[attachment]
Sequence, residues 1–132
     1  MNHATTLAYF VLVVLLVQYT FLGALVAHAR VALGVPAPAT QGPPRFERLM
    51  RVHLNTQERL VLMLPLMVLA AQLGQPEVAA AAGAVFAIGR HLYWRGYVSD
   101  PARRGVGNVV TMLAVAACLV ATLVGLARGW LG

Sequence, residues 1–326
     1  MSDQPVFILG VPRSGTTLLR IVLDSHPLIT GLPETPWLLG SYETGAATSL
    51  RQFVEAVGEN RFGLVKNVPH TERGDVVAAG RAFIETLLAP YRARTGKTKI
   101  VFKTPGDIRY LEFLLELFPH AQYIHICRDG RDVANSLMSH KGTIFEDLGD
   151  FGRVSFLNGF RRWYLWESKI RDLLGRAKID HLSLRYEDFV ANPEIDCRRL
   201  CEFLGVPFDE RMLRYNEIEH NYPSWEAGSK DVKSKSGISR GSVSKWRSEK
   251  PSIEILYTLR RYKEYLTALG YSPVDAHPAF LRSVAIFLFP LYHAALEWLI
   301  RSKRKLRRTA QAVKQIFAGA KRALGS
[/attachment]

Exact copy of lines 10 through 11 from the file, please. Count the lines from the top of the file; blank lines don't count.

   201  CEFLGVPFDE RMLRYNEIEH NYPSWEAGSK DVKSKSGISR GSVSKWRSEK
   251  PSIEILYTLR RYKEYLTALG YSPVDAHPAF LRSVAIFLFP LYHAALEWLI